Archive for the ‘Tate’ Category

12/19/2006

Retail follows Art
This scene on Michigan Avenue in Chicago, these bright lights intended to get you in,


recalls for me
Olafur Eliasson’s Weather Project from ’03/’04, at the Tate Modern in London.

Except that shopping chez Vuitton is much more spiritual.

wink, wink.
-E

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12/19/2006

Retail follows Art
This scene on Michigan Avenue in Chicago, these bright lights intended to get you in,


recalls for me
Olafur Eliasson’s Weather Project from ’03/’04, at the Tate Modern in London.

Except that shopping chez Vuitton is much more spiritual.

wink, wink.
-E

12/19/2006

Retail follows Art
This scene on Michigan Avenue in Chicago, these bright lights intended to get you in,


recalls for me
Olafur Eliasson’s Weather Project from ’03/’04, at the Tate Modern in London.

Except that shopping chez Vuitton is much more spiritual.

wink, wink.
-E

11/01/2006


Tate vs. MoMa

Must read: Roberta Smith in today’s Times
on what Tate Modern in London did right (>),
(<) and what MoMA in New York did wrong.

A money graf: “Architecture is destiny. It forms an extremely tangible mission statement that communicates an institution’s core values. In a sense, trophy museums like MoMA are telling us all to get lost. Their design aims to impress rich collectors and, in fact, they feel rather like some rich collectors’ houses: angular, fragile and clueless about how daily life is really lived, much less how art actually happens.”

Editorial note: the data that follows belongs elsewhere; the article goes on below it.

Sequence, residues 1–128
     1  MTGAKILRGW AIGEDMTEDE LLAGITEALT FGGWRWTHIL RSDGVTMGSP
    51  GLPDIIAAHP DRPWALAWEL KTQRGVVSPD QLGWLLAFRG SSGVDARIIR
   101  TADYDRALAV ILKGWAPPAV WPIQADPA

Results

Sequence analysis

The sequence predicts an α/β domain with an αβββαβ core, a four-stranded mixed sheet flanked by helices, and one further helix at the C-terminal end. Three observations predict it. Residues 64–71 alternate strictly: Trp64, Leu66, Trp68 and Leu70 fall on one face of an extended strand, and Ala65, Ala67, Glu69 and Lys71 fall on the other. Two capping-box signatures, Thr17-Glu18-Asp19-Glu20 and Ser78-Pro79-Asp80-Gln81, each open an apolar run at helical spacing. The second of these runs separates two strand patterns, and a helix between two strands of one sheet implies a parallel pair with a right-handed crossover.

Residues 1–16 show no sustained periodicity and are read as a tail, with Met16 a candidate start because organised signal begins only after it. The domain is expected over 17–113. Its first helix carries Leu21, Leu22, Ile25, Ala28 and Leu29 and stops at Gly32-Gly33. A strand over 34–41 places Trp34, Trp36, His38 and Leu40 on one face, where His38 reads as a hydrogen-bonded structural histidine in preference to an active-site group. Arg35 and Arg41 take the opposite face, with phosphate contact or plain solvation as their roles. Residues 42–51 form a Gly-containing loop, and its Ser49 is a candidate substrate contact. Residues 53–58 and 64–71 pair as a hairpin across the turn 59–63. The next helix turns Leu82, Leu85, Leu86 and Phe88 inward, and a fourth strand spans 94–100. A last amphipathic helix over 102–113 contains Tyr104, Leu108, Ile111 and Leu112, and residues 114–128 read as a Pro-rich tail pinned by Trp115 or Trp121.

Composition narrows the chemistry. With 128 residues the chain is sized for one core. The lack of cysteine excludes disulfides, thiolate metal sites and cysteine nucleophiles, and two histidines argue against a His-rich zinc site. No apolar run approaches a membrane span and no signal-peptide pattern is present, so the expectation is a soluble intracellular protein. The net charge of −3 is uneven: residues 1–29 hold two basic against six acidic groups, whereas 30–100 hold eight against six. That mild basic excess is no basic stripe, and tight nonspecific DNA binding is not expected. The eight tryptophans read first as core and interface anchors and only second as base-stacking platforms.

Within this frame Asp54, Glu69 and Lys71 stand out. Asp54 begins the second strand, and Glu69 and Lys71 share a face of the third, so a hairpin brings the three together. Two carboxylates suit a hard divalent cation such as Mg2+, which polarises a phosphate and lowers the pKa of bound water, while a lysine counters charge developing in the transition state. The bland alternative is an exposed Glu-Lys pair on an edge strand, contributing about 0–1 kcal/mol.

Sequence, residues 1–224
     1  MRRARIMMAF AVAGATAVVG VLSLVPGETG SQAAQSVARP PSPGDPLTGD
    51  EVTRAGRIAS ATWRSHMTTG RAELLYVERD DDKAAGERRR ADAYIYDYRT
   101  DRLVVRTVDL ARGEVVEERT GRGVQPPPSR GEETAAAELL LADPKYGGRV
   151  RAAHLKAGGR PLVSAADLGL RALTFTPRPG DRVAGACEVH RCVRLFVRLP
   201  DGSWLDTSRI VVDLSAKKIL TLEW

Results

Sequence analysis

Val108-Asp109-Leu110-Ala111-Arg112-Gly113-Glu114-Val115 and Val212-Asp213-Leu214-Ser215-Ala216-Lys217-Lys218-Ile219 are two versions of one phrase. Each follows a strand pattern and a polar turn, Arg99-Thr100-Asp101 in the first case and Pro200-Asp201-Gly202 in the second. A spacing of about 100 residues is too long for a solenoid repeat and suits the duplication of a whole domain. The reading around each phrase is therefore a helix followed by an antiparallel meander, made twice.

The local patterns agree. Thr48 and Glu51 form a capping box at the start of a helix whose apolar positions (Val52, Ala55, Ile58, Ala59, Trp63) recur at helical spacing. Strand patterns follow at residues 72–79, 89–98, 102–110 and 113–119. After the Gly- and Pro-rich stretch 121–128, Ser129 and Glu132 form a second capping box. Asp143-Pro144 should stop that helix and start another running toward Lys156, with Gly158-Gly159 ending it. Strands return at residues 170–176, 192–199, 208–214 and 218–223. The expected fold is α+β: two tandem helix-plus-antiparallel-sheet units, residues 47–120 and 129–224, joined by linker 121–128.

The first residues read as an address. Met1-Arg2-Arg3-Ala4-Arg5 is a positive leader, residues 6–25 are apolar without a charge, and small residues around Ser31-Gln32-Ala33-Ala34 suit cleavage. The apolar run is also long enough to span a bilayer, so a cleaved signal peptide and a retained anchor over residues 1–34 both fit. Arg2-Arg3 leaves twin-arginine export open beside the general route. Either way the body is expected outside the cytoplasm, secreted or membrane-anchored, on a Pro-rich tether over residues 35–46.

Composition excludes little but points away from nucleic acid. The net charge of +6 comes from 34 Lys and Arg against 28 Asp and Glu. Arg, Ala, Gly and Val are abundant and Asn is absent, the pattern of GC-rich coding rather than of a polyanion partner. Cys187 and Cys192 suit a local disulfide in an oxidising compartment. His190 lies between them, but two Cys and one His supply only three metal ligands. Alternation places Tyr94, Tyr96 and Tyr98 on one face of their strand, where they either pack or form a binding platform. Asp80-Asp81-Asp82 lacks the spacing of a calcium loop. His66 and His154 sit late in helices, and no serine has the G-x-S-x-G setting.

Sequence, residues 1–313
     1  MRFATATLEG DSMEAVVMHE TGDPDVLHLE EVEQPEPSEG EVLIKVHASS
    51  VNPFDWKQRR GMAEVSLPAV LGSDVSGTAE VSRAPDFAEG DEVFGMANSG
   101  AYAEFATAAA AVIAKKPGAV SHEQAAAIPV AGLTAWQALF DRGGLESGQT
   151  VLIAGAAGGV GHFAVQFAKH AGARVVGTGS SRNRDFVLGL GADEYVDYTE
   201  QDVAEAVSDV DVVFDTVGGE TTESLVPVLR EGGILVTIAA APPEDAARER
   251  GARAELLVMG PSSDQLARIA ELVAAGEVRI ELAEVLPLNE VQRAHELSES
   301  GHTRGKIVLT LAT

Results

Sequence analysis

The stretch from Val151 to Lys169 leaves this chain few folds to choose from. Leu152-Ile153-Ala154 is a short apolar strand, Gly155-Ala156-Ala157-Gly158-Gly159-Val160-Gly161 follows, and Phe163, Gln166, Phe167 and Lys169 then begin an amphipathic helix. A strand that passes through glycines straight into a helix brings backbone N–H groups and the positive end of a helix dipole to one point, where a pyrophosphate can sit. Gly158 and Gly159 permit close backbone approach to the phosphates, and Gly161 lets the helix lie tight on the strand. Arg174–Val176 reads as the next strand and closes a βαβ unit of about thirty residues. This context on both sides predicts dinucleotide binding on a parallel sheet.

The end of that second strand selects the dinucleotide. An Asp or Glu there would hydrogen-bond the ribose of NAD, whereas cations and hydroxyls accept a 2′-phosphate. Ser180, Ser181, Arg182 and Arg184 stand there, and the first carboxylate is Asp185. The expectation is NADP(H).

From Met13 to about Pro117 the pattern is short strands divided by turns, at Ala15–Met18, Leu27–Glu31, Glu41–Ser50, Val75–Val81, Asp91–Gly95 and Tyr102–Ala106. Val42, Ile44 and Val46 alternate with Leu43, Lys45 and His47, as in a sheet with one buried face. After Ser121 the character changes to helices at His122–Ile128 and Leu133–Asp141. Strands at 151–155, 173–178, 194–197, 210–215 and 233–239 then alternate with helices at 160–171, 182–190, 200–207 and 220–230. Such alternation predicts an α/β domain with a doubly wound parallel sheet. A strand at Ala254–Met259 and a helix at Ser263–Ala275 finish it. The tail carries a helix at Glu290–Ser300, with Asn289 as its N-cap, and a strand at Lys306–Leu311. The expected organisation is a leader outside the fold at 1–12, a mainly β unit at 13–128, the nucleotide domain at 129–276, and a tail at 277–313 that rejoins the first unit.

… “Yoshio Taniguchi’s MoMA is a beautiful building that plainly doesn’t work. The Tate Modern is a plain one that is working beautifully.”

Well said.
-E

11/01/2006


Tate vs. MoMa

Must read: Roberta Smith in today’s Times
on what Tate Modern in London did right (>),
(<) and what MoMA in New York did wrong.

A money graf: “Architecture is destiny. It forms an extremely tangible mission statement that communicates an institution’s core values. In a sense, trophy museums like MoMA are telling us all to get lost. Their design aims to impress rich collectors and, in fact, they feel rather like some rich collectors’ houses: angular, fragile and clueless about how daily life is really lived, much less how art actually happens.”

… “Yoshio Taniguchi’s MoMA is a beautiful building that plainly doesn’t work. The Tate Modern is a plain one that is working beautifully.”

Well said.
-E